There are books out there on this very subject.

If nothing else, send me a PM and I'll be happy to help get you set up as best I can (though my familiarity is with aviation in the US).

<BLOCKQUOTE class="ip-ubbcode-quote"><div class="ip-ubbcode-quote-title">quote:</div><div class="ip-ubbcode-quote-content">Originally posted by WTE_Galway:
<BLOCKQUOTE class="ip-ubbcode-quote"><div class="ip-ubbcode-quote-title">quote:</div><div class="ip-ubbcode-quote-content">Originally posted by VonShlagnoff:
Had a trial lesson today, in recent weeks I've been thinking about turning this into a career but wanted to leave it until I'd actually flown one to see if I even had the basics, which I did, found it quite natrual too.

Now I'm aware how expensive it is to get your commercial licence, so I'm trying to work out how to save the cash over the next few years and then go to Canada and start from scratch and do the whole thing in a oner.

Now my question is, I play a lot of off line IL2 with an MS FFB stick, and was wondering if getting a copy of the latest MS Flight Sim and good set of controls, rudder pedals, throttle stick etc,track IR would using this help in just brushing up on the basics, or are they too much of a game? </div></BLOCKQUOTE>

I don't fly anymore but used to do a bit of mucking about in GA stuff a few years back.

Good luck with it as a career !!!

In my initial training I was banned from using MSFS for landing practice by my instructor. It was teaching me bad habits.

The way MSFS behaves on the edge of the flight envelope (incipient stall, flare etc) is not modeled at all well. For example in my version of MSFS the default Cessna tended to nose up severely with stick back pressure even when about to stall - hence you learn to avoid excess back pressure when landing in MSFS. On the other hand the actual Cessna I trained in required to pull the yoke very firmly back almost to your chest as you flare.


PROs
****
MSFS is excellent practice for navigation, some IFR. With trackIR enabled, it is even good for practicing VFR circuits and approaches. its good for getting the hang of steering with your feet on the ground.


CONS
****
I would not recommend it for final landings or stalls and spins, its my opinion that the 109 in IL2 actually lands more like a Cessna than the "Cessna" in MSFS. </div></BLOCKQUOTE>

TheGozr
11-10-2008, 12:04 PM
its my opinion that the 109 in IL2 actually lands more like a Cessna than the "Cessna" in MSFS.

This is what i said for a long time Il2 is a different variants of Cessna like FM.. or Boat like.

Sirrith
11-10-2008, 12:17 PM
I'm a glider pilot (pre-solo) and I have to say IL2 and FSX did help me understand the basics and some theory, but I wouldn't trust them for anything else.

TX-EcoDragon
11-10-2008, 12:22 PM
<BLOCKQUOTE class="ip-ubbcode-quote"><div class="ip-ubbcode-quote-title">quote:</div><div class="ip-ubbcode-quote-content">Originally posted by Sirrith:
I'm a glider pilot (pre-solo) and I have to say IL2 and FSX did help me understand the basics and some theory, but I wouldn't trust them for anything else. </div></BLOCKQUOTE>

You should get Condor - it's Awesome!!

http://www.condorsoaring.com/

S!
TX-EcoDragon
http://www.txsquadron.com

http://www.iac38.org

M_Gunz
11-10-2008, 05:53 PM
<BLOCKQUOTE class="ip-ubbcode-quote"><div class="ip-ubbcode-quote-title">quote:</div><div class="ip-ubbcode-quote-content">Originally posted by TX-EcoDragon:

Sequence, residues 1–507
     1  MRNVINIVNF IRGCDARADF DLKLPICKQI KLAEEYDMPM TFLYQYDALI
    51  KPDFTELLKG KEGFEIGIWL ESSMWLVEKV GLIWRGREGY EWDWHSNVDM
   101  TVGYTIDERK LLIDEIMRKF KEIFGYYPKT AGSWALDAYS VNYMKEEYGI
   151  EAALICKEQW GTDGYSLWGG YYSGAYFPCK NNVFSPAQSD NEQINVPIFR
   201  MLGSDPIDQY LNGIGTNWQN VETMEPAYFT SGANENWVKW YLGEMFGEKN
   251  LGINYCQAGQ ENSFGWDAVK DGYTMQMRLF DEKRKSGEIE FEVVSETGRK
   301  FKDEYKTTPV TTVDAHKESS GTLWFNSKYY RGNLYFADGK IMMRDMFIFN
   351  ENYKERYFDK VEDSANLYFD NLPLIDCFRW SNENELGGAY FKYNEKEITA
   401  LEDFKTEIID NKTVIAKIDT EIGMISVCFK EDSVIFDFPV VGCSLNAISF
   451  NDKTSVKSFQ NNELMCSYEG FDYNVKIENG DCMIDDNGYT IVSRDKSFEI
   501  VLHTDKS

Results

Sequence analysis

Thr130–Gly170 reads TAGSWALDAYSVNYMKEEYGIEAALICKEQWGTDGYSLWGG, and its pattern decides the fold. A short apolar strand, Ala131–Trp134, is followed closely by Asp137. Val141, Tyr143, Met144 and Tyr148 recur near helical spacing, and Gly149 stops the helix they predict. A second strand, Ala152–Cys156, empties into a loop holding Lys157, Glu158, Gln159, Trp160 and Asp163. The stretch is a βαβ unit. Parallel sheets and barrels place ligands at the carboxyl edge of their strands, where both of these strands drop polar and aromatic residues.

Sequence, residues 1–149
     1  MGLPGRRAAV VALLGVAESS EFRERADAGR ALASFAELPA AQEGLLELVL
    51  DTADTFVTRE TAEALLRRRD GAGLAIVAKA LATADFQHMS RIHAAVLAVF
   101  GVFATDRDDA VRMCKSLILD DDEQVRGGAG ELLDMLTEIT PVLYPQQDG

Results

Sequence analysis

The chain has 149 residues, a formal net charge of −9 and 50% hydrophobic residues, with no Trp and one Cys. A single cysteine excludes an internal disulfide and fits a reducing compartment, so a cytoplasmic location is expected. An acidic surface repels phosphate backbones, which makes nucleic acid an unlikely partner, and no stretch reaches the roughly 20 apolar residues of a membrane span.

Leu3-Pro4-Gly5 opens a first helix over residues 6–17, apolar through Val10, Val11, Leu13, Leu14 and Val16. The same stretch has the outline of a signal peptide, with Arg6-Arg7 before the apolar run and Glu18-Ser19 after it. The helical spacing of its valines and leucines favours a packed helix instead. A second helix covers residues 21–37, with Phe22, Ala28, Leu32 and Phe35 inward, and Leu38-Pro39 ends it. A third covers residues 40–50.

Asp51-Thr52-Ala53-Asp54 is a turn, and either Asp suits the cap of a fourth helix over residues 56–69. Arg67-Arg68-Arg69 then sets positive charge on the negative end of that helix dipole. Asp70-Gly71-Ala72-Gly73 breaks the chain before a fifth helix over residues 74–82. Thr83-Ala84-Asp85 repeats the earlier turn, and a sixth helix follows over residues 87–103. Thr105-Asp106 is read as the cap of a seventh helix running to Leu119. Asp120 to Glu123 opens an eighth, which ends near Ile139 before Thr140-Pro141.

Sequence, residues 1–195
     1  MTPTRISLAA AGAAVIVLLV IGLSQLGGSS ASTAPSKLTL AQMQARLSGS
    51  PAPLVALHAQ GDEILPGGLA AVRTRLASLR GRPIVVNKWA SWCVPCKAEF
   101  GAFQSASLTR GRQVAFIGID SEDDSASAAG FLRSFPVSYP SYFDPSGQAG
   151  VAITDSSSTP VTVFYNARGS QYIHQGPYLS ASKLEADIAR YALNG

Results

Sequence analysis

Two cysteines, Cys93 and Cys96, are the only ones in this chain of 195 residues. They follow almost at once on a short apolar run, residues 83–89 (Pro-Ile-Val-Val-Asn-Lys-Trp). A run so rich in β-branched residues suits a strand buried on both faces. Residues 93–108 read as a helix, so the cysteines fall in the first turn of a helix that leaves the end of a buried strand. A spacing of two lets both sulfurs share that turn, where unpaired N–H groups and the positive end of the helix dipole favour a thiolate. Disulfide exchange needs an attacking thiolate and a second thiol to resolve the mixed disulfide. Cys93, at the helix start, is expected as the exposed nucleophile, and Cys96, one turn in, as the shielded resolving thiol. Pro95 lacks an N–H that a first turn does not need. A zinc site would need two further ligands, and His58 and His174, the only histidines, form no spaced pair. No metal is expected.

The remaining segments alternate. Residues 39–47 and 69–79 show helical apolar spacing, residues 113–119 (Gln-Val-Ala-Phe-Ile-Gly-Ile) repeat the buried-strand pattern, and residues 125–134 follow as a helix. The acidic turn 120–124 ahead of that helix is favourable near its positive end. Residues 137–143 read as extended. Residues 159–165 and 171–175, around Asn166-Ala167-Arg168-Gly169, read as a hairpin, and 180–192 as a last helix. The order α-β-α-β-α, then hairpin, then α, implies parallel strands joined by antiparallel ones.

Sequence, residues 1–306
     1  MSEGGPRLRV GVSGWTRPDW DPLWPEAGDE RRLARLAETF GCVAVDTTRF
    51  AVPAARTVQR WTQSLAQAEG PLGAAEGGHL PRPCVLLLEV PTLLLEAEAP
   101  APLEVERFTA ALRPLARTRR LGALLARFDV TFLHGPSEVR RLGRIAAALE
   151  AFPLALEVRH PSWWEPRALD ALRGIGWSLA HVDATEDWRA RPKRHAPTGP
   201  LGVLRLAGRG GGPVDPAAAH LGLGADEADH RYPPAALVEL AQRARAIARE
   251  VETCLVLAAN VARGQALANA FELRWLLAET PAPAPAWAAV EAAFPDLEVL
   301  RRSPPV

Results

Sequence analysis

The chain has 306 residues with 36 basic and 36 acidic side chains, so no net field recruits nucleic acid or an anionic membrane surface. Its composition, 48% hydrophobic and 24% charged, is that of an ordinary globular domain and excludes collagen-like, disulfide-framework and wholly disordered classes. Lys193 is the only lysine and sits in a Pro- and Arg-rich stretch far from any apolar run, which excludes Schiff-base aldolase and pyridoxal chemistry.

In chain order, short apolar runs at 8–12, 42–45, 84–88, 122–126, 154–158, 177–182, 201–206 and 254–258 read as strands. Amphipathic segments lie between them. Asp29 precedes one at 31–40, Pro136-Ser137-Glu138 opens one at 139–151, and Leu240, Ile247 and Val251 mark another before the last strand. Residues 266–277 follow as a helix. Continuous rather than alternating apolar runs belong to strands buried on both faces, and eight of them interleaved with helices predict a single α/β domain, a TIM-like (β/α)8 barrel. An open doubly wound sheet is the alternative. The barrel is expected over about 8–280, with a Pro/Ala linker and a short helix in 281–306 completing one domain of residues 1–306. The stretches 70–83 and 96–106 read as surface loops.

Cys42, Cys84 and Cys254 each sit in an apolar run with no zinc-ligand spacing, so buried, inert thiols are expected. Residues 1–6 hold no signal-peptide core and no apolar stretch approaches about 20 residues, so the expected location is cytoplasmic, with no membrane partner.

You should get Condor - it's Awesome!!

http://www.condorsoaring.com/

S!
TX-EcoDragon
http://www.txsquadron.com

http://www.iac38.org </div></BLOCKQUOTE>

Wow, that's incredible looking and ... trains with fewer bad habits? LOL!

I notice the output set up for external aids, even sim box possible it looks like?
Haven't looked at the prices though.

PhantomKira
11-10-2008, 09:46 PM
FS is good for Instrument work, that's about it. I wouldn't trust it for VFR, or for touch and goes.

Stingray333
11-10-2008, 10:21 PM
Yo, kind of an un-related question, but I think it belongs in this thread. With the upcoming release of DCS: Black Shark, I am wondering: can you fly reasonably well in helicopter sims with the typical stick/throttle/rudder combo we in the fixed-wing flight sim community are used to? Or do you really need a collective to fly well?

I have no idea what the collective is or does, but with DCS Black shark hopefully to be released in North America in the near future, I am beginning to wonder about these things

Stingray

TX-EcoDragon
11-11-2008, 12:47 AM
Well, you can get by with the HOTAS just fine really. There are some interesting mods you can get for the Cougar and Saitek sticks that feature a collective.

http://www.leftside-limited.com/

WhiteKnight77
11-11-2008, 12:47 AM
The collective is what makes the helo go up and down.

There is a swashplate on helos that turns control motion into a blade action. If you pull up on the collective, you push the swashplate up giving all blades the same angle of attack so the bird can rise. If you push forward on the cyclic stick (the typical control stick between your legs), pushes on the back of the swashplate to give the blades more angle of attack on the back of the rotordisk for forward flight and vice versa for backwards flight. For turns, the opposite side of the swashplate is pused up depending on which way you push the cyclic stick. Rudder pedals increase or decrease the angle of attack on the tail rotor swashplate (or pushes up on the opposite side of the swashplate depending on which rudder pedal you press in a dual rotor helo like a 46 or 47 for the front rotor and the same side for the rear) for pedal turns where you rotate around the center axix of the bird.

This pic of a MH-53 from HM-14 shows the angle of attack of helo blades as well as the swashplate underneath the rotorhead.

http://www.whiteknight77.net/images/hm14thumb.jpg (http://www.whiteknight77.net/images/hm14.jpg)